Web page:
Egypt ranks towards the bottom of a list of countries for Internet connection quality and speed, according to tests carried out by Speedtest, Akamai Technologies and OpenSignal, the three top agencies measuring Internet quality, with some results showing Internet speeds in Egypt to be slowing down.
This is in spite of increases in the number of Internet subscribers and the launch of infrastructure projects to raise Internet quality. The results come at a time when the Ministry of Communications and Information Technology has announced its readiness to provide 5G Internet services in the country.
In a report published in 2018, Speedtest stated that Egypt’s infrastructure had suffered from a lack of investment following the 25 January Revolution.
It started seeing improvements in the third quarter of 2016, but Egypt still ranks 146 out of 150 countries for fixed broadband download speeds and 95th for mobile Internet, Speedtest said.
In the North Africa region, Egypt’s fixed broadband was faster only than that in Libya, and its mobile Internet speed was faster than that of Algeria and Sudan.
The average speed of Egypt’s fixed broadband for downloads was 4.02 megabytes per second (MBps) in the first quarter of 2017, slower than its average mobile download speed of 7.75 MBps.
Speedtest reported that in November 2017 Egypt’s Internet speeds had increased to reach 9.07 MBps after it measured those offered by commonly used Internet service-providers such as WE, Nile Online, Vodafone Egypt, Orange, Link and Telecom Egypt.
According to November 2018 figures, for digital subscriber lines (DSL) Egypt ranked 121 out of the 126 countries mentioned. Among the Arab countries, Egypt came in 12th from the 16 countries looked at. Worldwide, Iraq ranked 88th and Syria 115th..
For mobile Internet speeds on an international scale, Egypt ranked 89th out of 123 countries, placing the country 11th on the list of Arab states.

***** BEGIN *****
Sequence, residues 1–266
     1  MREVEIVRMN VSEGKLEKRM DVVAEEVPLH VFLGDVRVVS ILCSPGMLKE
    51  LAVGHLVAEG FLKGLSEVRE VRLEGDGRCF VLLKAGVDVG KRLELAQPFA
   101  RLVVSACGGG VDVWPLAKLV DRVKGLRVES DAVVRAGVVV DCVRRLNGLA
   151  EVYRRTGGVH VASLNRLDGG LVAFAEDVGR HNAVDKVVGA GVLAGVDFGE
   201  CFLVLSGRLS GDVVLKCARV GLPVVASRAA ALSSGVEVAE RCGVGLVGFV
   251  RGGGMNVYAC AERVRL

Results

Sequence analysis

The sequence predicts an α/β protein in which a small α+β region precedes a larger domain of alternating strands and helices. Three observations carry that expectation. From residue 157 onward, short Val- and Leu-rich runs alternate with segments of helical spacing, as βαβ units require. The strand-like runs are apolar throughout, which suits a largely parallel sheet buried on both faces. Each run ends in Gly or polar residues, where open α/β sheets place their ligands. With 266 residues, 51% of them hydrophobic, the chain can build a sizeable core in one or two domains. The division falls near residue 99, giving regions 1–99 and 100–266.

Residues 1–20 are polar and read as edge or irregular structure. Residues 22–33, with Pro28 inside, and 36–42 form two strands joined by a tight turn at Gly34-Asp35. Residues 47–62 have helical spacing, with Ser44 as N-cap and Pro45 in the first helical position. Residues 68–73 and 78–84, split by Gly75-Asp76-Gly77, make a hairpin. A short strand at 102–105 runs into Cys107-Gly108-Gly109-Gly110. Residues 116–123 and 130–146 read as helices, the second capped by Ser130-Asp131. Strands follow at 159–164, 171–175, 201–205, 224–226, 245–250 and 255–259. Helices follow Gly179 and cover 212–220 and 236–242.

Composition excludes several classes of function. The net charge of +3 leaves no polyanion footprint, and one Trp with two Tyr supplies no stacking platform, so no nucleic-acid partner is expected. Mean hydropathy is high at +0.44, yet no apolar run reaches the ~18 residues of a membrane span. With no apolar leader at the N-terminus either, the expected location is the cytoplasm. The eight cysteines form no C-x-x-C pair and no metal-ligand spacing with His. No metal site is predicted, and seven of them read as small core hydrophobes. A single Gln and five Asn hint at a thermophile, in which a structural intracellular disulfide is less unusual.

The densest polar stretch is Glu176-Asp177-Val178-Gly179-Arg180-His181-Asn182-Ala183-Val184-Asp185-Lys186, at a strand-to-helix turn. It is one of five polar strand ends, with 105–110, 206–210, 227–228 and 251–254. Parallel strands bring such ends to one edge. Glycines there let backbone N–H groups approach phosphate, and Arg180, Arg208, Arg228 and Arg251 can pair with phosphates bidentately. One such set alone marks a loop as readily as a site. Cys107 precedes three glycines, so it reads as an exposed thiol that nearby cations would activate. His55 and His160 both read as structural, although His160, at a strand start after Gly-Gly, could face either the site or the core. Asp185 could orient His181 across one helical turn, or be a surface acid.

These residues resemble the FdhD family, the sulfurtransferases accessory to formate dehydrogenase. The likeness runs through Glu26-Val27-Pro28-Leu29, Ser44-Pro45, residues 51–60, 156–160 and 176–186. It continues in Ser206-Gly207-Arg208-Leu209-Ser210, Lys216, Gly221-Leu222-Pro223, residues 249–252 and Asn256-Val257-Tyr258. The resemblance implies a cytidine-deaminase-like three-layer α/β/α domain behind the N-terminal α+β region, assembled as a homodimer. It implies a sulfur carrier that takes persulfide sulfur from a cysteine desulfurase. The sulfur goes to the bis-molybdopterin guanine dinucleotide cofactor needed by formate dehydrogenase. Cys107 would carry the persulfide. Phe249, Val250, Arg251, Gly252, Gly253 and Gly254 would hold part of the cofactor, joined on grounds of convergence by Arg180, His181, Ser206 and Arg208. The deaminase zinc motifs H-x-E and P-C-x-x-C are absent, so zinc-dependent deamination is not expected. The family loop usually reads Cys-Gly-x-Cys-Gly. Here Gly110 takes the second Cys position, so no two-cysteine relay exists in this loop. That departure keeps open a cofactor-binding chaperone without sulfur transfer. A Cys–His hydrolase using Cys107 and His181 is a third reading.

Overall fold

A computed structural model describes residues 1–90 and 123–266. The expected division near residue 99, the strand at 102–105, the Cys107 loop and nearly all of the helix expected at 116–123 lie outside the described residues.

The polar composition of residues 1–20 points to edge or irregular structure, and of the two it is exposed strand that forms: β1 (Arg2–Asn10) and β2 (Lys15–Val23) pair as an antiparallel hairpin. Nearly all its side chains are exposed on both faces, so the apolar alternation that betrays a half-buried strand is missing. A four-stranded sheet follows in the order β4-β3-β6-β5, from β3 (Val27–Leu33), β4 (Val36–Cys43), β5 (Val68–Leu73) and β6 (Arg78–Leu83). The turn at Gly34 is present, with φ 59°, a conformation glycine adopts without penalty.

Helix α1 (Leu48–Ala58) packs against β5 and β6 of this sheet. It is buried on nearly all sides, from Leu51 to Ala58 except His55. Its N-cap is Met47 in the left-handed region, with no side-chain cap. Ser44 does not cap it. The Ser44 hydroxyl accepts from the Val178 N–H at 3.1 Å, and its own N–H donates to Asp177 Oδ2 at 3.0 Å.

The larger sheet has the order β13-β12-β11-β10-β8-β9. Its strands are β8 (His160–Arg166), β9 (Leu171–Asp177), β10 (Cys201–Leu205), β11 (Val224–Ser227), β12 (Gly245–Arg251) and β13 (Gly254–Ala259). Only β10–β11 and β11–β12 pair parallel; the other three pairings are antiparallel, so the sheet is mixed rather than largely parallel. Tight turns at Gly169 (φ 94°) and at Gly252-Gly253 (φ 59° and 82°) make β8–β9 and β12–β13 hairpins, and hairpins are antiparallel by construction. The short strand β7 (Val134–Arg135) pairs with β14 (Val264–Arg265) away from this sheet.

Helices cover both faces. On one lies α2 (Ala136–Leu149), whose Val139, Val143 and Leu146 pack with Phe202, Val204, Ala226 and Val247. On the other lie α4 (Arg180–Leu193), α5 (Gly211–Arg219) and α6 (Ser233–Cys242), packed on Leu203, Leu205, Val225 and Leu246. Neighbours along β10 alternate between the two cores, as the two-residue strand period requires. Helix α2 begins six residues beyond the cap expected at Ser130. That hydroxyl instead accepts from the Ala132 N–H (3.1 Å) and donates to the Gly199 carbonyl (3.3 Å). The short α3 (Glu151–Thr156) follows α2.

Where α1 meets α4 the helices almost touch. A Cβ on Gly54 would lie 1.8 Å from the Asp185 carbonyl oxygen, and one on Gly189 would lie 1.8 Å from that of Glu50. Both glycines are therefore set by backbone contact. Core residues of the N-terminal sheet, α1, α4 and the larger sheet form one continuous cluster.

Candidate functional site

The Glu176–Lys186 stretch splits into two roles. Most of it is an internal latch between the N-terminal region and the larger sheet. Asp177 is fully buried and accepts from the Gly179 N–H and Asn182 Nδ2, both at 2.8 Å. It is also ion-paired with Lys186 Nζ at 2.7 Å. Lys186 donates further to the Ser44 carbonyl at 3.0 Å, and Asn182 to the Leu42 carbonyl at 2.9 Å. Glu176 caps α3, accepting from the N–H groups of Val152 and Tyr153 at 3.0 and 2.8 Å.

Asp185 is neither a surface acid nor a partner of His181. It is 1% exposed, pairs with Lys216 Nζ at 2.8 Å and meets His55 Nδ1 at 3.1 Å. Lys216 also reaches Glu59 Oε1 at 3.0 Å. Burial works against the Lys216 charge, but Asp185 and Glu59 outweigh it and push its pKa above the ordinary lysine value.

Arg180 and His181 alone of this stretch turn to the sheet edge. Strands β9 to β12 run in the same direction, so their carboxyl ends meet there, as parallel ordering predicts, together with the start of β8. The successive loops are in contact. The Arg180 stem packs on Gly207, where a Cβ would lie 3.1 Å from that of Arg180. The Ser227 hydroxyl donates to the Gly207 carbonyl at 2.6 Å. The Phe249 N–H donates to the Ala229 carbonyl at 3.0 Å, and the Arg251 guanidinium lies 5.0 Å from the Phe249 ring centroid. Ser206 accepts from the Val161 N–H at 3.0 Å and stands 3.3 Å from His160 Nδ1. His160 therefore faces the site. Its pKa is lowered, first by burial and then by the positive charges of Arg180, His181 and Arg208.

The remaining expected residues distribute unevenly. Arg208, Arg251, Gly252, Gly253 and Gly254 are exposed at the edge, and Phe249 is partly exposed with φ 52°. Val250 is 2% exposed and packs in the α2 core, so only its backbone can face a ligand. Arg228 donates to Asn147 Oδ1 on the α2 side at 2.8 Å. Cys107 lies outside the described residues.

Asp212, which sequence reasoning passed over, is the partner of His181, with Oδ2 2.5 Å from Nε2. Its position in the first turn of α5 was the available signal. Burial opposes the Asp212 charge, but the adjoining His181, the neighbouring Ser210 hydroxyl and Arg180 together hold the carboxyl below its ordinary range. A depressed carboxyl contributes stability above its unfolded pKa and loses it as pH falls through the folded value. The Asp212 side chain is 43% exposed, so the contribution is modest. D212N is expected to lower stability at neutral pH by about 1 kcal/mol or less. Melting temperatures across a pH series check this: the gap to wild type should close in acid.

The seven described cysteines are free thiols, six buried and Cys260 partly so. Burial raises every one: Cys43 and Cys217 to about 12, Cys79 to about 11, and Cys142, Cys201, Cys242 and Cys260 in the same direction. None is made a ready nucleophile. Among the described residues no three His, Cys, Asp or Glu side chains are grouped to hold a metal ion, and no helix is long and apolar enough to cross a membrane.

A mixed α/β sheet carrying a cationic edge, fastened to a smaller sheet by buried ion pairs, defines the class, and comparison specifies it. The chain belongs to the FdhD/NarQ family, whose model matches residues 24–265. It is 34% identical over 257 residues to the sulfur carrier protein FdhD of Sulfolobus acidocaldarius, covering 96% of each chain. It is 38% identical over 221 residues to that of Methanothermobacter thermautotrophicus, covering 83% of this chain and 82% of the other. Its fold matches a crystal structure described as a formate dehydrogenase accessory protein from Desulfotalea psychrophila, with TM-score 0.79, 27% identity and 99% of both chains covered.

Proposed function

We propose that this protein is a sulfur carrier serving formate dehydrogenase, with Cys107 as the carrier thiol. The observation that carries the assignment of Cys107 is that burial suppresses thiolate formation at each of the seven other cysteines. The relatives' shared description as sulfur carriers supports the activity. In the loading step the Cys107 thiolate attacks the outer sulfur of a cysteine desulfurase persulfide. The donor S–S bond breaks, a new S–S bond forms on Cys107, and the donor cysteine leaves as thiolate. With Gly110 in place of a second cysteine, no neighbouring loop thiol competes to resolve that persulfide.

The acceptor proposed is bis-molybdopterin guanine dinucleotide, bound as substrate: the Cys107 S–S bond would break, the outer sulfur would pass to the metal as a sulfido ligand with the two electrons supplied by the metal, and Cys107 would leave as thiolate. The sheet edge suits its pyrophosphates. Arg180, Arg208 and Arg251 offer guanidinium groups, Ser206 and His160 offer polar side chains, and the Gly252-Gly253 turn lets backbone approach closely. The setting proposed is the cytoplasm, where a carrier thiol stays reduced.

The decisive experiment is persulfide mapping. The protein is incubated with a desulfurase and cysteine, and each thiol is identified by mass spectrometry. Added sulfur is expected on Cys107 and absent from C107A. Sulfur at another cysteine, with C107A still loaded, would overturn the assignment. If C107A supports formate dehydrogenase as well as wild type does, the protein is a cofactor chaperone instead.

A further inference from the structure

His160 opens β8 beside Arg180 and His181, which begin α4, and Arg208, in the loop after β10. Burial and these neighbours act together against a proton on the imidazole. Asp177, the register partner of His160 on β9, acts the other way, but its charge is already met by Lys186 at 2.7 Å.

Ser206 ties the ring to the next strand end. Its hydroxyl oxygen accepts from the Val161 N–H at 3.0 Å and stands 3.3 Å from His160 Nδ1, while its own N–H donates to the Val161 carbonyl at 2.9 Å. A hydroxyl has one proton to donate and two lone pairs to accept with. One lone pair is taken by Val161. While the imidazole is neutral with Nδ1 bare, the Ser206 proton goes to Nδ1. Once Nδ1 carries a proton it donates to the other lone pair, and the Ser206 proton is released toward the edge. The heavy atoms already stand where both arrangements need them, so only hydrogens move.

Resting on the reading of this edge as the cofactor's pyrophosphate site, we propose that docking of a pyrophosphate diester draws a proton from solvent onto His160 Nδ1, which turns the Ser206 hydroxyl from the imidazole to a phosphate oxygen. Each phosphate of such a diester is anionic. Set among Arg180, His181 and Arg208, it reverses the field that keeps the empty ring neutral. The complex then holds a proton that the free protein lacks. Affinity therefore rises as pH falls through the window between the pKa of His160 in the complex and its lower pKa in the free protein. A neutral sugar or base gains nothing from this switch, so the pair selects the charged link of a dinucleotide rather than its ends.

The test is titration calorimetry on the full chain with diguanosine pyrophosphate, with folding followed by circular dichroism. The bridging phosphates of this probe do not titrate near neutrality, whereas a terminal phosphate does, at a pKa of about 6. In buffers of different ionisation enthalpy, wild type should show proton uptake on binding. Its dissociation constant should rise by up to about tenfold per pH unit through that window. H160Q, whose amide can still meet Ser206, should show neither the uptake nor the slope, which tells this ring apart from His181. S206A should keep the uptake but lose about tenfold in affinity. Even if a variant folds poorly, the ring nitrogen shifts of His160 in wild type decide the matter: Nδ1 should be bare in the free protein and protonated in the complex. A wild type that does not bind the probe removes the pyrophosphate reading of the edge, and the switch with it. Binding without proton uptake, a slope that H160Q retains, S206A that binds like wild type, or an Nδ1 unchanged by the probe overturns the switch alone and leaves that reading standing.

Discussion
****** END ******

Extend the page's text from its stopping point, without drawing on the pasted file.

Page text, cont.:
“The speed of the mobile Internet is slow in Egypt, but not as slow as fixed broadband. The fact that Egypt provided 4G services last year contributed to increasing the speed of the mobile Internet,” said a source at Telecom Egypt.
Etisalat, a telecommunications company, is the fastest provider of fixed broadband download speeds, averaging 8.74 MBps, according to last year’s statistics.
The upload speeds of Etisalat, Vodafone and Orange are almost the same, with Etisalat at 3.65 MBps and Vodafone at 3.63 MBps, followed by Orange.
US content delivery network and cloud service-provider Akamai Technologies serves up to 30 per cent of all web traffic. In its report measuring mobile Internet speeds in 62 countries, Egypt ranked 22nd, with an average of 12.2 MBps.
The fastest speeds in the world, according to Akamai, are in the UK, providing mobile Internet speeds of 26 MBps.
OpenSignal dedicated part of its report to countries making available 4G services, such as South Korea and Japan that came in first among countries providing the fastest 4G Internet.
The US ranked fifth and Kuwait eighth and the first among the Arab countries, with an average speed of 88.4 MBps, followed by Qatar, rated 18th internationally, with 84.4.
Egypt ranked second to last among the Arab countries and 83rd worldwide, followed by five other countries and one Arab country, Algeria, which also came in last worldwide.
The Ministry of Communications and Information Technology announced in mid-2018 that it was embarking on a strategy to increase the quality of Internet connections in Egypt and was developing the entire network by replacing copper cables with fibre-optic ones that allow faster DSL and fixed broadband connections.
These developments, the ministry said, would allow for Internet speeds of no less than 40 MBps.
Mohamed Abu Koreish, secretary-general of the Association of Communications and Network Engineers, an NGO, said the ministry had not succeeded in increasing the quality and speed of Internet connections in Egypt and subscribers had grown tired of complaining to Internet service-providers.
There were no effective measures in place to oblige telecommunications companies to commit to contracts signed with Internet users, Abu Koreish said.
Internet speeds for DSL are commonly given as up to 16 MBps in such contracts, but the companies concerned do not always provide these as they do not follow international guidelines on the availability of equipment and outgoing ports in relation to the number of Internet users, causing congestion on the web, he said.
As far as mobile Internet is concerned, speeds may reach 18 MBps during rush hours and 44 MBps at other times. 4G technology allows mobile Internet speeds to reach 100 MBps for video and one Gigabyte per second for static material.
Ahmed Al-Beheiri, president of Telecom Egypt, said his company had replaced more than 50 per cent of its copper cables with fibre-optic ones in the past two years and is slated to finish doing so during 2019.
*A version of this article appears in print in the 10 January, 2019 edition of Al-Ahram Weekly under the headline: Seeking speedier connections